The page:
Rajasthan was in accordance with law or not and  the  detention  of
   the accused-petitioners is illegal, are the questions which are  to
   be adjudicated only after the issue of jurisdiction  of  courts  in
   Rajasthan pending before the Apex Court in SLP(Crl.)  No.  8402  of
   2011 is decided.  The said SLP(Crl.) No. 2180 of 2012 was  directed
   to be put up along with SLP(Crl.) No. 8402 of  2011.   Hence,  both
   the special leave petitions are before us.


   9.       While issuing notice in SLP(Crl.) No.. 8402 of 2011,  this
   Court on 25.11.2011 passed the following order:
                 “Mr. U.U. Lalit, learned  senior  counsel  appearing  for
        respondent no.1 on caveat stated that though the  High  Court  has
        quashed the proceedings at the Dholpur  Court  in  Rajasthan,  the
        respondents have no objection if the proceedings are continued  at
        Dholpur, but in that case the proceedings arising  from  the  same
        set of facts in the two Courts in Madhra Pradesh,  i.e.  at  Sagar
        and Chanderi may have to be quashed.


                 Issue notice  to  the  non-appearing  respondent  on  the
        limited  question  whether  the  proceedings  should  continue  at
        Dholpur or at the  two  places  (Sagar  and  Chanderi)  in  Madhya
        Pradesh.”




   10.      The short question that falls  for  consideration  in  the
   instant case is  as to whether the proceedings should  continue  at
   Dholpur or at  the  two  places  (Sagar  and  Chanderi)  in  Madhya
   Pradesh.


   11.      Section 186, Cr.P.C., which deals with  the  power  of  the
   High Court to decide, in case of doubt, the district  where  inquiry
   or trial shall take place, is extracted hereinbelow:-


            “186. High Court to decide, in case of  doubt,  district  where
            inquiry or trial shall take place.-  Where two or  more  Courts
            have taken cognizance of the same offence and a question arises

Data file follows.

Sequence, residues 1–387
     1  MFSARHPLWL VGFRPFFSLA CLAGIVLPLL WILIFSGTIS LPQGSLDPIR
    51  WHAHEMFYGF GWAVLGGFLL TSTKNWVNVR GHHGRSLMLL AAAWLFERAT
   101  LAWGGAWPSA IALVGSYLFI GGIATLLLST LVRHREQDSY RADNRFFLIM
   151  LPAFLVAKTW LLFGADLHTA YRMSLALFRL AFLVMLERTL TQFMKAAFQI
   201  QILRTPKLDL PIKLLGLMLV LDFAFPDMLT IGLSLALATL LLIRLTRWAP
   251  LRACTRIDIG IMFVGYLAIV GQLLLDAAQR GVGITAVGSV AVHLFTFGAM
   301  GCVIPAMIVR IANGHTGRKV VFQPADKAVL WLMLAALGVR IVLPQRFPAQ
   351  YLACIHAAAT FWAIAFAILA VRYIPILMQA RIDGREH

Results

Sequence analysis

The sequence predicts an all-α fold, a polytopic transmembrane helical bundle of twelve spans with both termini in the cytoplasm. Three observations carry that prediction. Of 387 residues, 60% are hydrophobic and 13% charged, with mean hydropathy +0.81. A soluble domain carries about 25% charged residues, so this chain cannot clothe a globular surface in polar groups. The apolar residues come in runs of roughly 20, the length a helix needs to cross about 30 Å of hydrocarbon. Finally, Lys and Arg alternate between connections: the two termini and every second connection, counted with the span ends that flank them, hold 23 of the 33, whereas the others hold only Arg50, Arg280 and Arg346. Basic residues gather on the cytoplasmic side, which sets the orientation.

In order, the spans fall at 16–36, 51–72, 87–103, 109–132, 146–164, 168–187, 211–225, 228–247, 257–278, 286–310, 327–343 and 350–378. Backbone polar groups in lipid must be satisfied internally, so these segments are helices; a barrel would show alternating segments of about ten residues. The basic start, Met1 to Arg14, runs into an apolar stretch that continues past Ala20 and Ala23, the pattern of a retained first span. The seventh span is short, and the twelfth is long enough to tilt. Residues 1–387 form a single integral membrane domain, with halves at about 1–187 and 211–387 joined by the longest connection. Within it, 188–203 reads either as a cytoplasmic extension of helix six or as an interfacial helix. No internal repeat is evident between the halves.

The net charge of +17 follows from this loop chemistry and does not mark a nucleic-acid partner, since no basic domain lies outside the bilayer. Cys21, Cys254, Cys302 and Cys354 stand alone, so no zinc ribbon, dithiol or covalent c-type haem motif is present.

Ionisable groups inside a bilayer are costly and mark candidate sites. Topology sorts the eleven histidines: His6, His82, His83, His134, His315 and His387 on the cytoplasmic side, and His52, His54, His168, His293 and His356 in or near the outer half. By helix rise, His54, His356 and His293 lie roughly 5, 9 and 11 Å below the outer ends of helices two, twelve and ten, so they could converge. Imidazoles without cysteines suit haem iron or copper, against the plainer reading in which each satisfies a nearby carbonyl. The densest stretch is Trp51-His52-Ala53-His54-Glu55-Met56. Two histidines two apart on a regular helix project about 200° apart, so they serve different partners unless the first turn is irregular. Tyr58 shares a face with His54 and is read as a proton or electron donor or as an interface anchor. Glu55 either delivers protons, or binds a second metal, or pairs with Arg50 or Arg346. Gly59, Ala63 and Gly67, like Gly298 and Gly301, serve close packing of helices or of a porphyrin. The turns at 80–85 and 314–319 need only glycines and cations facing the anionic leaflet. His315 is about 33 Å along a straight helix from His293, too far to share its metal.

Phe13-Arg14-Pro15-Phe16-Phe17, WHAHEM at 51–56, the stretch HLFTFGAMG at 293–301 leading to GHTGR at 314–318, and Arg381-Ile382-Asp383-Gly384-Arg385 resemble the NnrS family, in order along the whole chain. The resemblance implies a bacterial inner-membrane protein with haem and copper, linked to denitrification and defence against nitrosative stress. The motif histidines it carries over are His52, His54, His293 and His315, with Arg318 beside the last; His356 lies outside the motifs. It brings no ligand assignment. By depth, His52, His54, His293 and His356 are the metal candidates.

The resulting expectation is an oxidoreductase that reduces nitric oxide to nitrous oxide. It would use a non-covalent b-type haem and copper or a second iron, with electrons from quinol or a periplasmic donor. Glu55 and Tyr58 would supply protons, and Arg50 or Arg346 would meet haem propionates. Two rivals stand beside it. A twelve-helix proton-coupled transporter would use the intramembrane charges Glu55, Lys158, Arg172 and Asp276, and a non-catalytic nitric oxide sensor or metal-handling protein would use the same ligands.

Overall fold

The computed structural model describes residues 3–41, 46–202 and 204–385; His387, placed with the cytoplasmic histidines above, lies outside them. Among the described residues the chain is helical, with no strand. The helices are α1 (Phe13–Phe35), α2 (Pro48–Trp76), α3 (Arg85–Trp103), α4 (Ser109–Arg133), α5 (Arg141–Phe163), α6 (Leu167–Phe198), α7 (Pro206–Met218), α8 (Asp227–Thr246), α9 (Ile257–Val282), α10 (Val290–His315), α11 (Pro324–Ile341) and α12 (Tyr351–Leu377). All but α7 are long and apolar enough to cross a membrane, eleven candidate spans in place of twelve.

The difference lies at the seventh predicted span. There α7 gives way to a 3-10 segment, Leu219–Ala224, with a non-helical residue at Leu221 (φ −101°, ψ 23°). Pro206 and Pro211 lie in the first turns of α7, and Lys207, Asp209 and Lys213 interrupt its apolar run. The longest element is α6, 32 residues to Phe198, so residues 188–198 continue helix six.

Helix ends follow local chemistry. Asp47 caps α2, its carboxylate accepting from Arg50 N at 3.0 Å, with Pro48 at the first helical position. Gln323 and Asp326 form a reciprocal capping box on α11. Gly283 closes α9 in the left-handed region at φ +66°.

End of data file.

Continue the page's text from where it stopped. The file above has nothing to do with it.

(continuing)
as to which of them ought to inquire into or try that  offence,
            the question shall be decided --


                 (a)   if the Courts are subordinate to the same High Court,
                 by that High Court;


                 (b)  if the Courts are not subordinate  to  the  same  High
                 Court, by the High Court within the local limits  of  whose
                 appellate criminal jurisdiction the proceedings were  first
                 commenced,


            and thereupon all other proceedings in respect of that  offence
            shall be discontinued.”

   12.      From bare reading of the aforesaid provision it is manifest
   that the main object and intention of the  Legislature  in  enacting
   the  provision  is  to  prevent  the  accused  persons  from   being
   unnecessarily harassed  for the same offences alleged to  have  been
   committed within the  territorial  jurisdiction  of  more  than  one
   courts.  In order to avoid unnecessary harassment of the accused  to
   appear and face trial in more than one courts,  necessary  direction
   is to be issued to discontinue the subsequent proceedings  in  other
   courts.  The provision is based on the principle of convenience  and
   expediency.  However, the sine qua non for the application  of  this
   provision is that the cases instituted in different  courts  are  in
   respect of the same offence arising out of the same  occurrence  and
   that the same transaction and that the parties  are  the  same.   In
   other words, the persons implicated as an accused in different cases
   must be the same.  If these conditions are satisfied then subsequent
   proceeding  has to be discontinued.


   13.      Chapter XXIV of the Code of Criminal Procedure  deals  with
   the provisions with regard to the enquiries and trials.  Section 300
   debars the Court from proceeding with the trial in  respect  of  the
   same offence for which  the  accused  has  already  been  tried  and
   convicted or acquitted. However, a person convicted for any  offence
   may be afterwards tried if such act constituted a different  offence
   from that of which he was convicted.  This Court  elaborately  dealt
   with the provisions contained in Section 300 Cr.P.C. in the case  of
   State of Bihar v. Murad Ali Khan, (1988) 4 SCC page  655.   Some  of
   the paragraphs are worth to be quoted hereinafter.

           “26. Broadly speaking, a protection against a second or multiple
           punishment for the same offence, technical  complexities  aside,
           includes a protection against re-prosecution after acquittal,  a
           protection  against  re-prosecution  after  conviction   and   a
           protection against double or multiple punishment  for  the  same
           offence. These protections have  since  received  constitutional
           guarantee under Article 20(2). But  difficulties  arise  in  the
           application of the principle in the context of what is meant  by
           “same offence”. The principle in American law is stated thus:
           “The proliferation of technically different offences encompassed
           in a single  instance  of  crime  behaviour  has  increased  the
           importance of defining the scope of the  offence  that  controls
           for purposes of the double jeopardy guarantee.